Kelleher Winter Tires
Who needs winter tires?
Manitoba!! All-season tires are not adequate for winter driving in most parts of Canada. The rubber compound of an all-season tire hardens as the temperature drops below 7°C, providing poorer grip, even on dry surfaces free of ice and snow. If you think of winter tires as “snow tires”, start thinking of them as “cold weather tires”. Winter tires feature technology that other tires do not in cold weather. The compound of a winter tire remains pliable and retains its grip in cold temperatures. They are deeper, edgier and more flexible. By ejecting snow more efficiently they give you a firmer grip on the road, breaking water tension to put more rubber in contact with the road, and conforming to irregularities on the road for traction.
Benefits of Winter Tires
- Increased safety
- Increased vehicle control, tire traction and performance
- Reduced possibility of accidents and repair expenses
5 Winter Tire Myths
“Winter tires are only for snow.”
Anyone who lives where the weather gets a little cooler can benefit from winter tires. In colder temperatures, all-season tires stiffen, reducing grip. The rubber compounds and other components that make up winter tires keep them flexible in temperatures below 7°C. Tire flexibility allows for better vehicle handling and stopping.
“Brakes alone stop my vehicle.”
Tires greatly affect your vehicle’s stopping distance. Especially when roads are slick, tires without specifically designed winter tread patterns can simply slide when the brakes are applied. Winter tires have deep grooves and small slits called sipes that cut through snow and ice, keeping more of your tire in contact with the road.
“My all-season tires work fine in the winter.”
All-season tires are great for mild weather changes, but anyone who experiences cooler winters can get better performance with winter tires. In addition to having flexible compounds and specialized tread designs, winter tires help make your all-season tire last longer: while the winter ones are on, the all-season ones aren’t wearing down.
“Winter tires are more expensive.”
The cost of winter tires is usually comparable to any other kind of tire. Plus, switching between winter tires and all-season or summer tires makes both sets last longer than they normally would.
“I have four-wheel drive so I don’t need winter tires.”
Ever see SUVs on the side of the road when the weather’s bad? They probably don’t have winter tires. In the winter, four-wheel drive can help you get going but won’t help when you’re trying to stop. Four-wheel drive helps you control the tires, but that doesn’t mean much if the tires themselves aren’t flexible enough or don’t have the right tread design to push snow and ice out of their way.
Selecting the Right Winter Tire
Review the options and select a winter tire based on your driving habits, road conditions in your area and your budget. If you need assistance in finding the right tire for you, contact us! An easy way to spot a true winter tire is to locate a graphic molded into the tire sidewall depicting a snowflake in a mountain:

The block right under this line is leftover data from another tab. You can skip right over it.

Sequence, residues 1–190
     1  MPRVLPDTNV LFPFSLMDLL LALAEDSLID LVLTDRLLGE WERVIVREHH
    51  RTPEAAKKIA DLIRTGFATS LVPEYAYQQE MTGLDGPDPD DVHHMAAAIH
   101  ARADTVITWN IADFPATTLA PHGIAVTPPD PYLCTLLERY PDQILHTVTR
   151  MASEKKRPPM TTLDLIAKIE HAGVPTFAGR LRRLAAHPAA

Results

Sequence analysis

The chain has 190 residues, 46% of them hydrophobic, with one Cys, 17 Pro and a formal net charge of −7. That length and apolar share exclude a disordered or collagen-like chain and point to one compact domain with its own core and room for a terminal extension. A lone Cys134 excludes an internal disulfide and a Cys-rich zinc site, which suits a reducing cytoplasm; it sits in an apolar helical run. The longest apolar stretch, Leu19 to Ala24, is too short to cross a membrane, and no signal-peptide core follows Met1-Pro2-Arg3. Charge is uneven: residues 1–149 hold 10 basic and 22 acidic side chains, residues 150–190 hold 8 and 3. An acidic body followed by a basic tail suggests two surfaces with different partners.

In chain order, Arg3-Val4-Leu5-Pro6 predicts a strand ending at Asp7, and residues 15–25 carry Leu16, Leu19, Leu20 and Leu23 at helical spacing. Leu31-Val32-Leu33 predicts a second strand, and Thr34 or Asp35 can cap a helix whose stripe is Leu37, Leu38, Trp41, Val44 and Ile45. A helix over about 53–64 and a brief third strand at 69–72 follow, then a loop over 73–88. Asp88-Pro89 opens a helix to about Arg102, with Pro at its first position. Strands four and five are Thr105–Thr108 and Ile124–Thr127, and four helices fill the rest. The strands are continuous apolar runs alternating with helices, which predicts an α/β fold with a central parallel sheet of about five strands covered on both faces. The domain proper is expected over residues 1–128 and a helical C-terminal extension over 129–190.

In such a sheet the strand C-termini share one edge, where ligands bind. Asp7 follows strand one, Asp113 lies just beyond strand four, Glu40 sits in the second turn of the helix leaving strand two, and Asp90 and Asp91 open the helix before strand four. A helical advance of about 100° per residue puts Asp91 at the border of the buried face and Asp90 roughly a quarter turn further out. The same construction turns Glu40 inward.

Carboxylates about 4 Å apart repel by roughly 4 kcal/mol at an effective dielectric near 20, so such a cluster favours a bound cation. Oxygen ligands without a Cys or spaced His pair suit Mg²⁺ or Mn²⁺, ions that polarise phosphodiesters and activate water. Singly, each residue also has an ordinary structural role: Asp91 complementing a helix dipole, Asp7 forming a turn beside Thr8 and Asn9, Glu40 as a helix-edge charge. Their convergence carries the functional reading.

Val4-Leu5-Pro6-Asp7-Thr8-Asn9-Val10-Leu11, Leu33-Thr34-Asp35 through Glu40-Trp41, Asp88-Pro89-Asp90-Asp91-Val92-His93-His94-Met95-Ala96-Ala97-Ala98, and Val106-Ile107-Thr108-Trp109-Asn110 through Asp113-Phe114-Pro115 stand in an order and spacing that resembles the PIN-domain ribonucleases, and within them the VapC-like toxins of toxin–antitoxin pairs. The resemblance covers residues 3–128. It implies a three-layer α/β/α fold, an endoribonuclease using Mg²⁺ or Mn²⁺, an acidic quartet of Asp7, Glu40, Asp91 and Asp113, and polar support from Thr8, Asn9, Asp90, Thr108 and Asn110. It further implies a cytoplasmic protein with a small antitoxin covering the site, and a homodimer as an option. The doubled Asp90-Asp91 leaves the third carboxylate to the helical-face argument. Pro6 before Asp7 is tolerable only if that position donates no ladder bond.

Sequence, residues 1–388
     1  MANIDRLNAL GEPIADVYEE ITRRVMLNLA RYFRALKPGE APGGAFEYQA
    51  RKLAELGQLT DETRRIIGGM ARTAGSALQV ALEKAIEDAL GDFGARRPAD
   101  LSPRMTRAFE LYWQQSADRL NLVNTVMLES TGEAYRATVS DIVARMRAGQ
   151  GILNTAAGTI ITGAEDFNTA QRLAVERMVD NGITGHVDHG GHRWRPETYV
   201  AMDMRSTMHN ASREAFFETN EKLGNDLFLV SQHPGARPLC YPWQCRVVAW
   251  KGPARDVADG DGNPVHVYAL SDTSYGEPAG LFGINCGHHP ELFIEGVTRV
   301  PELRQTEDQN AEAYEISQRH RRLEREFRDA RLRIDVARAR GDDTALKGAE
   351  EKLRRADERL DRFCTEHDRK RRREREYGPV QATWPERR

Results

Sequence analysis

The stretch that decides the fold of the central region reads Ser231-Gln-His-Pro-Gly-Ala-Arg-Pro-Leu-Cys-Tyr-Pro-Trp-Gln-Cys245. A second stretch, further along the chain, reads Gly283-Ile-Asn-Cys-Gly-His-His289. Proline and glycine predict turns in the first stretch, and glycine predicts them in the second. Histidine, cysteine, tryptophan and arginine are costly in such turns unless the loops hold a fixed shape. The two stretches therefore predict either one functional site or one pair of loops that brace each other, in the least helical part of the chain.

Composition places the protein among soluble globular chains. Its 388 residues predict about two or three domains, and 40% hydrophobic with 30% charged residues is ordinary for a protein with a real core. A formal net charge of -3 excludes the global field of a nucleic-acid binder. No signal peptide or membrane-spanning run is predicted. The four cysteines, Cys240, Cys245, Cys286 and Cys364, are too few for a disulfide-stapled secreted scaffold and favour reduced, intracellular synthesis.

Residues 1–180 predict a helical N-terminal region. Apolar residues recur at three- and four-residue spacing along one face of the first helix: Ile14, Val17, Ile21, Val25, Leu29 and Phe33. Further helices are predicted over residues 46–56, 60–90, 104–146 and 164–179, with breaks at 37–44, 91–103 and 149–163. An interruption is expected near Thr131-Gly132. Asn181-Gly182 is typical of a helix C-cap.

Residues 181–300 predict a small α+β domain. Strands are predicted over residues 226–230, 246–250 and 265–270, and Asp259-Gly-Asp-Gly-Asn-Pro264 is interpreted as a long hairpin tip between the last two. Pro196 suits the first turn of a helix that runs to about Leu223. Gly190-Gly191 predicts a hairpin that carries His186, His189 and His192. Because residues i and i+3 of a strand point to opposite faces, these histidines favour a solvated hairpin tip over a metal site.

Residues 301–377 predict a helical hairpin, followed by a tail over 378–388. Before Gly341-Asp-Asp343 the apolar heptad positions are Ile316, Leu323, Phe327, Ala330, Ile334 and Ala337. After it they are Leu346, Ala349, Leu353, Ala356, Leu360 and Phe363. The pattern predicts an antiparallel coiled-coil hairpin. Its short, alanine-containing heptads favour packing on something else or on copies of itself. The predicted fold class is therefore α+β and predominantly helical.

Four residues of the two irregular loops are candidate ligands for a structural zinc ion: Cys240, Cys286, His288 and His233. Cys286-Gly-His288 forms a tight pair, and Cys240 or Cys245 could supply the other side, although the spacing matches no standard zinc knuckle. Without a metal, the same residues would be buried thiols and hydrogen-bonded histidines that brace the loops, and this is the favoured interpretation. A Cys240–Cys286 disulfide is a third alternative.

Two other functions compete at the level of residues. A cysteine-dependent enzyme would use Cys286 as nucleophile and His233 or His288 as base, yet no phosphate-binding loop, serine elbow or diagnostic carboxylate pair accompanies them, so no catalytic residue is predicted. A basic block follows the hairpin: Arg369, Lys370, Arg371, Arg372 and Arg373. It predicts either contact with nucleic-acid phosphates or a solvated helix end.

Installing Winter Tires
Don’t wait until the first snowfall to install your winter tires. A good rule of thumb is to install them after five consecutive days of temperatures below 7°C. The first snowfall of the year usually results in a higher than average number of car accidents, due to the lack of snow tires. You can choose to have your winter tires installed on your existing rims or an additional set of designated winter rims can be purchased. Tires should be installed by a technician to ensure its safety and correct installation and level of inflation.
Removing Winter Tires
Remove your snow tires in the spring when the temperature is above 7°C for a minimum of three days in a row. Driving on your snow tires in warmer conditions will wear out the tread and reduce the useful life of the tires. When storing winter tires, make sure to rinse off any salt residue and let dry before placing in a cool, clean, well-ventilated area away from direct sunlight or other sources of heat such as your basement or garage.
Winter Tire Care and Maintenance Tips
- From Garage to Road. While it’s great for protecting the car from snow, a heated garage is a potential risk to tires because extreme temperature changes can adversely affect tires. For the best results, don’t overheat the garage. When ready to drive, start the vehicle, roll it outside and allow the tires some time to adjust to the temperature.
- Tire Pressure. Tire pressure is always important, but it’s increasingly important in colder weather. Tires can lose one psi for every 5°C temperature drop. The most accurate way to check is to use a tire pressure gauge. Making sure tires are properly inflated keeps them ready for the challenges of winter driving.
- Tire Rotation. In addition to tire pressure, severe winter driving conditions can throw off tire balance and function. Rotate tires in anticipation of winter and examine them throughout the season for uneven wear.